“When I first got here, I didn't really know much,” Wildcats freshman guard James Young said. “He was a coach on the floor. He really just guided me. When I didn't know a certain play I was supposed to know, I'd go to Jon right there in the corner, because he played the same position. He'd tell me what I had to do.”
Said freshman guard Aaron Harrison: “He knows everything. He knows what coach expects and he knows what he wants. So he helps us live up to coach's expectation.”
Now, to hear Calipari tell it, Hood may be helping the coach live up to the coach's expectation. Neither Hood nor Calipari could remember the exact game – Hood thought it was one against LSU – but a team settled into a zone defense against Kentucky. At some point in the first half, Hood deduced that the lob was readily available for the Wildcats. So he told Calipari. The lob never came, so Hood screamed reminders and eventually walked down to the head coach in the middle of the game and reiterated it: The lob is there.
At a timeout in the second half, Calipari finally said, The lob is there. So Kentucky threw the lob.
It resulted in a dunk, and Calipari walked down to Hood at the end of the bench. “He gave me a high-five and just kind of shook his head and laughed at me and went back to the other end,” Hood said.
Likewise, in the regional final against Michigan, the Wolverines were at the free-throw line in a late-game situation when Calipari received a tap on the shoulder. It was Hood, wondering what Calipari planned to do if freshman center Dakari Johnson rebounded a miss, as Michigan immediately would foul a 44.9 percent shooter from the stripe.
“He came up to me – not an assistant,” Calipari said. “I said, 'Aaron, Andrew (Harrison), if Dakari rebounds, you call an immediate timeout, right away.' That's what he's done.”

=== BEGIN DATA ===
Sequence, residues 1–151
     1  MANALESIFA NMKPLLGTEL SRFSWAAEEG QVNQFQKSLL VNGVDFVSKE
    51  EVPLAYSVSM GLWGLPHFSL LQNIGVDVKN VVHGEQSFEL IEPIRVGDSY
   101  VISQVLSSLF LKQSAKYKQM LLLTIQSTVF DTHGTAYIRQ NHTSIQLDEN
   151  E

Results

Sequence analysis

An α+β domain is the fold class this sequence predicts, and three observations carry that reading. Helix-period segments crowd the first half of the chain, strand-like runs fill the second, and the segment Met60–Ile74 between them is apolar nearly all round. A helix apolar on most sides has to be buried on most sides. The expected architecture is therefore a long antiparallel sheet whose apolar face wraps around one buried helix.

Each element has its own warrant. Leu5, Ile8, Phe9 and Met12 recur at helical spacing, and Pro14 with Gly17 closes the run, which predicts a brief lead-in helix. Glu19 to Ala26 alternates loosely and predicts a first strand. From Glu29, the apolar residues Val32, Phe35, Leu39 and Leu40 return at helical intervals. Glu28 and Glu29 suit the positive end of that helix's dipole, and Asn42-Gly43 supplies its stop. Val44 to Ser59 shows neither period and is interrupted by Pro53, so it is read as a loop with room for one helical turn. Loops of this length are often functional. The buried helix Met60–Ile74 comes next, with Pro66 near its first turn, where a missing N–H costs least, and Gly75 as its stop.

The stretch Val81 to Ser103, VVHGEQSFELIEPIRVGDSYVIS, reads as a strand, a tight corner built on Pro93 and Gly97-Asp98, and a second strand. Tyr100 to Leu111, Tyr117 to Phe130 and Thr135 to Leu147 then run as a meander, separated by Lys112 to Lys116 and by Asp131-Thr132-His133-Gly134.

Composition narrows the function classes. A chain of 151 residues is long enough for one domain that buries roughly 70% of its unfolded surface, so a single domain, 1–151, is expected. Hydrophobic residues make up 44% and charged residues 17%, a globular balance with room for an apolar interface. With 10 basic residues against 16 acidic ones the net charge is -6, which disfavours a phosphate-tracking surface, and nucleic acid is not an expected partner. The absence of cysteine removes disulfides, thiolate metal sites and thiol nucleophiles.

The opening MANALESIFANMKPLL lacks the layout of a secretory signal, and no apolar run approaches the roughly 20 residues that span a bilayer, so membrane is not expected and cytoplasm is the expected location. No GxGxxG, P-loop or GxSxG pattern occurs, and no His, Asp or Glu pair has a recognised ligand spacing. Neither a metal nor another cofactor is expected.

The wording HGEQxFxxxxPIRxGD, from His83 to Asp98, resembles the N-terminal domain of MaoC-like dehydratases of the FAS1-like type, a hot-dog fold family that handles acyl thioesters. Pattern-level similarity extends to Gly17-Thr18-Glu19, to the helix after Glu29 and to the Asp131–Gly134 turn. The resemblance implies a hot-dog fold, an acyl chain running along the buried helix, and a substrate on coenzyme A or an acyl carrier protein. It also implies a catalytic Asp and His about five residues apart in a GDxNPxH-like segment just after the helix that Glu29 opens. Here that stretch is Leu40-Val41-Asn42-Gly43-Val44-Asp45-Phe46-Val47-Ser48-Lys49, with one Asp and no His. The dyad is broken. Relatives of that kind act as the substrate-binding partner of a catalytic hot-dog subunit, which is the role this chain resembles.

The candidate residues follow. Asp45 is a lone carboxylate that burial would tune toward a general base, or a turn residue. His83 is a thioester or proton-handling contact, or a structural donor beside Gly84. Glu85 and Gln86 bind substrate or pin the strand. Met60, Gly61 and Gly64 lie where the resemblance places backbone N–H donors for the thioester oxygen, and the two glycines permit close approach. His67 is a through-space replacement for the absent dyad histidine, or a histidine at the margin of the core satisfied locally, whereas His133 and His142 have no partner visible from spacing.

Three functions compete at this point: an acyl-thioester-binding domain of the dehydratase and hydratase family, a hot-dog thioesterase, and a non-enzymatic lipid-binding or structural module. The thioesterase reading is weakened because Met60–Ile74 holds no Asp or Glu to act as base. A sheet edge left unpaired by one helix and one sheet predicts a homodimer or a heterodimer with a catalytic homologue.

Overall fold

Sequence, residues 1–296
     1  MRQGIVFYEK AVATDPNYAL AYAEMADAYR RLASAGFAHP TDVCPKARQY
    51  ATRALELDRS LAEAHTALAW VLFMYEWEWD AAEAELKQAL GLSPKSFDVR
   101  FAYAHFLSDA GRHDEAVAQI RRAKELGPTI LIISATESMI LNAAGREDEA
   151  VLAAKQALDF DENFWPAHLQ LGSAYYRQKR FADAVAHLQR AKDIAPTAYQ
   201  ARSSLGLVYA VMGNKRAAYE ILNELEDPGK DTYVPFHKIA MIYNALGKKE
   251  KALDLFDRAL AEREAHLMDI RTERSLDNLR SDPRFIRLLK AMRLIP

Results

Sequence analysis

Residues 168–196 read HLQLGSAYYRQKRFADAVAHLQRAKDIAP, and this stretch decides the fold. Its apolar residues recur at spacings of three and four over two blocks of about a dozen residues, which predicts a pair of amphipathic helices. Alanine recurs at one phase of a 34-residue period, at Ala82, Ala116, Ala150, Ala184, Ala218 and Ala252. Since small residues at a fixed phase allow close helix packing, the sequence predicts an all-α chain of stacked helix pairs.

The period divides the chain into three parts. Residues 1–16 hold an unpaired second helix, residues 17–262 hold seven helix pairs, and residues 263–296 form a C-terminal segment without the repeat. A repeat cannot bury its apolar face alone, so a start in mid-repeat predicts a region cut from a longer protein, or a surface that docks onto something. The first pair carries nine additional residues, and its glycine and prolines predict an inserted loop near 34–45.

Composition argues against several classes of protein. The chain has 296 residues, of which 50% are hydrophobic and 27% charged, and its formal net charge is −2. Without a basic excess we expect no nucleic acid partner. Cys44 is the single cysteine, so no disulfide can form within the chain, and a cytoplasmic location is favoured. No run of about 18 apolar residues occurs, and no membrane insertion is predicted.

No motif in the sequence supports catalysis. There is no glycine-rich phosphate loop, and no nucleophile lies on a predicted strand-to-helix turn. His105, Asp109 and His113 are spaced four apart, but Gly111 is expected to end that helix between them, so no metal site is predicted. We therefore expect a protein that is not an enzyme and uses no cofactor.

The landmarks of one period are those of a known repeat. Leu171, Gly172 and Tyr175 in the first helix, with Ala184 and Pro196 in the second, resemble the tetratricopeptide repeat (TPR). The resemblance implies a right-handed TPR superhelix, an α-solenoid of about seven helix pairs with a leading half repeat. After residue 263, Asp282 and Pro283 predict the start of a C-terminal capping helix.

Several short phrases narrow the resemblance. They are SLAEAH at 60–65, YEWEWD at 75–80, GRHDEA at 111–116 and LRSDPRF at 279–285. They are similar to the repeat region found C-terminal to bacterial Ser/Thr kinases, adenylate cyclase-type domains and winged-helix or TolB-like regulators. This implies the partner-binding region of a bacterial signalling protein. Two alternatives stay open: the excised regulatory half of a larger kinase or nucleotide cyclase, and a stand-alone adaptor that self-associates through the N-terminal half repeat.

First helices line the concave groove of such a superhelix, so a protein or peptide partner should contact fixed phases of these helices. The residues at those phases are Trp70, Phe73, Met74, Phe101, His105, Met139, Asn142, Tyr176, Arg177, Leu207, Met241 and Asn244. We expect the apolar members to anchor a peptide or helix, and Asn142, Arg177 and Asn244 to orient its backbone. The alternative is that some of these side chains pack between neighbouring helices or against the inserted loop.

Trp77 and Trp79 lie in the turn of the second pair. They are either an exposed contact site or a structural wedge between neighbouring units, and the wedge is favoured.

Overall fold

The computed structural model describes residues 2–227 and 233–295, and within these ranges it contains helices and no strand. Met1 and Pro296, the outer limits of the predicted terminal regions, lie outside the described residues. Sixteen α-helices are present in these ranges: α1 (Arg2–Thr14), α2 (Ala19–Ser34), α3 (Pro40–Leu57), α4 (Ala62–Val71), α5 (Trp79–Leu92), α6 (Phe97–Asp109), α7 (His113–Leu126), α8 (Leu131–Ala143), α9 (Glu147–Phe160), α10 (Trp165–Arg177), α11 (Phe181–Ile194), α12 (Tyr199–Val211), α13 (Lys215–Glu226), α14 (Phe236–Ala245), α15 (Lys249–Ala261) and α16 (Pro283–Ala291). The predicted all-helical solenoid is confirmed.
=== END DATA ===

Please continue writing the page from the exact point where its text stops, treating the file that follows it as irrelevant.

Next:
At the beginning of his final season at Kentucky, Hood had no intention of coaching. Then he realized, he said, that some guys have a knack for it and some don't. He figures he has the knack, if high-fives from a national title-winning coach mean anything.
“At the end of the day, who wants to go sit at a desk when you can be around basketball 24-7?” Hood said. “It's the greatest game in the world, so why end your career when you can go into coaching?”
The greatest game in the world probably hasn't given back to Hood in the way he'd hoped it would when he signed a letter of intent with Kentucky. He hit a three-pointer on senior night and Rupp Arena exploded, but it accounted for one-fifth of his total points scored on the season (15). Instead, the game gave him some famous friends and some indelible memories, including some he and the Wildcats are still in the process of making.
He catches his former teammates on television when he can, shooting them a Good game or a Nice numbers or Way to cross him over text. “It's nuts to see that I have 17 numbers in my phone that are NBA players, or that are NBA players down in the D-league waiting for a chnce to get back up,” Hood said. “To have 17 brothers like that, it's a blessing. You learn so much from them, not just on the basketball court. Because what they can teach you on the basketball court, just playing with them, is monumental. But when you get off the court and you're around those guys that everybody thinks are bad guys or thugs or whatever, and they're great human beings, it's far more exciting to me. It means more to me to see them that way.”
In the giddy Kentucky locker room following the win over Michigan last Sunday that cinched a Final Four spot, Hood sat by his locker stall with the regional championship trophy cradled in his right arm. He had seen Darius Miller do the same with the national title trophy in 2012, a senior literally never letting go of the accomplishment, and decided it was his right to do the same. He'd seen enough and been around long enough. Just let someone try to take it from him.
No one did. On Monday morning, Hood walked into Calipari's office. He still had the trophy.
“Where do you want me to put it?” Hood asked.
“You can keep it,” Calipari said.
“I've had it all night,” Hood replied. “It's been in bed with me.”
The John Calipari recruit that stayed five years was ready to give back again. He'd made another memory. Or maybe he was just making room for another trophy his newest friends might bring home in a week.